With each new head of operations, the more systematic and scientific the excavation became, going from an 18th century treasure hunt to 21st century archaeology. Karl Weber, becoming head of operations in 1750, was the first the carry out excavations somewhat methodically, following street plans and entering buildings through their doors, rather than just tunnelling in through walls and destroying frescoes, as had been done previously. However, a haphazard approach to archaeological excavation would continue until 1860, when Giuseppe Fiorelli was appointed the new head of excavations. It was from here that a more modern archaeological approach was taken with Herculaneum and Pompeii. Weber’s approach may have seen to be more systematic than his predecessors, but it was Fiorelli who truly brought a more systematic and scientific approach to the archaeology of these sites. Fiorelli divided the uncovered area of Pompeii into nine regions, each containing up to twenty-two blocks, known as insulae, and then numbering each building, a system that is still in use today to classify the different areas of Pompeii.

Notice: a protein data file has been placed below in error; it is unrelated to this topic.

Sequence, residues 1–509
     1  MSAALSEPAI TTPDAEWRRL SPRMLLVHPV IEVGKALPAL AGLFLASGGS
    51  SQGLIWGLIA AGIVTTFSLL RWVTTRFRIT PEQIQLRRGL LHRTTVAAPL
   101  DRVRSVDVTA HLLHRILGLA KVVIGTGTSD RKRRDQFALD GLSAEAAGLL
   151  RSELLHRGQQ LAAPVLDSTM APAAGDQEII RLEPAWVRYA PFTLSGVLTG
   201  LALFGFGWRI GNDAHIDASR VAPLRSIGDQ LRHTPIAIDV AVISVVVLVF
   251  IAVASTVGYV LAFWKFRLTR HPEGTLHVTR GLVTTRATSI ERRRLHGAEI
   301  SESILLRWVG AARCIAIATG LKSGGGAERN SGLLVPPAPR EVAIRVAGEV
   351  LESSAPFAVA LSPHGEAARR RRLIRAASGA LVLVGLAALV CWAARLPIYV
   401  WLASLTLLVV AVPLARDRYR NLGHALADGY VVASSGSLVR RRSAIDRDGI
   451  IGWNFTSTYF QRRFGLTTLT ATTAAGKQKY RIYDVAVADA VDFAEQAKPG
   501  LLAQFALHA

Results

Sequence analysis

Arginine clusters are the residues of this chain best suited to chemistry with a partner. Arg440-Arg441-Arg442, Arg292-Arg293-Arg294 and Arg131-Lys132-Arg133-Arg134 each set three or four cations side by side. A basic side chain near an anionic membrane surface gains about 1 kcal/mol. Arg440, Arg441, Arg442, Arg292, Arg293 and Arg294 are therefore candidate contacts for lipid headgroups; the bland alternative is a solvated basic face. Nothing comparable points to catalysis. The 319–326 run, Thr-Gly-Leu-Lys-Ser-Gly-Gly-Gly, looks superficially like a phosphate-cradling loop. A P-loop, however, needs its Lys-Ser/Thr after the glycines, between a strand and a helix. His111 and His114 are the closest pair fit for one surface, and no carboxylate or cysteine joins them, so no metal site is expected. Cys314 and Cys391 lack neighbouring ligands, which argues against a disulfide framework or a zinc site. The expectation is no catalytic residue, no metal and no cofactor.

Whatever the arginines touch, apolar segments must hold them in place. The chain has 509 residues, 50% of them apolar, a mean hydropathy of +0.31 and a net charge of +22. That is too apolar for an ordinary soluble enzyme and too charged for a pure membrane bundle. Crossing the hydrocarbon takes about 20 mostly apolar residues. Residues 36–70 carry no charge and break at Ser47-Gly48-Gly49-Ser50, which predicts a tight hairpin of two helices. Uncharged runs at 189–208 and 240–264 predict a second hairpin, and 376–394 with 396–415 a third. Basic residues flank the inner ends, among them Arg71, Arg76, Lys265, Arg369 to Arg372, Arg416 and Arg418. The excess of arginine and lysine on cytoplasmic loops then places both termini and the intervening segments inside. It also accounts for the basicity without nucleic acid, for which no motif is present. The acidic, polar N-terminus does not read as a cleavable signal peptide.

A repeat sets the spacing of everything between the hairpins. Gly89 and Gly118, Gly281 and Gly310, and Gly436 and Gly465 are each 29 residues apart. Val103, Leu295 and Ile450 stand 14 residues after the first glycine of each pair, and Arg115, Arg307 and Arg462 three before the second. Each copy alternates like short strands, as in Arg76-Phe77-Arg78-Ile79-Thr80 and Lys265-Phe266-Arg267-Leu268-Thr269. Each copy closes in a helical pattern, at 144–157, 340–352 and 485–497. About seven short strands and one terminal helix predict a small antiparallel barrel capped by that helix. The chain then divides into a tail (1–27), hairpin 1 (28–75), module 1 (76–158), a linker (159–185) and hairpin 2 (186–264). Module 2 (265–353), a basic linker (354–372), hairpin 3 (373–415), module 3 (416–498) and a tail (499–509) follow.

However, Fiorelli is probably best known for his creation of plaster casts at Pompeii, known as the Fiorelli process. After discovering body cavities in the ash layer, he filled them with plaster of Paris, enabling the hardened ash to be chipped away, leaving eerie figures of the final moments of those who remained in the city, and capturing details like clothing. Many of these casts still contain the bones of the victims, and modern technology has enabled the casts to be scanned and the bones studied to provide more information about the inhabitants of the city. Even though it’s clear that many Pompeian’s fled the city before it could be covered with 4 metres of ash, the remains of those who stayed have given great insight into the lives of those who inhabited the city before it’s tragic downfall. Fiorelli’s plaster process was not just used for body cavities, with casts made of wooden shutters, doors and furniture. Wilhelmina Jashemski also used the process while excavating the gardens at Pompeii, creating casts of the root cavities found, enabling archaeologists to determine what plants were grown in the city and what types of produce was consumed.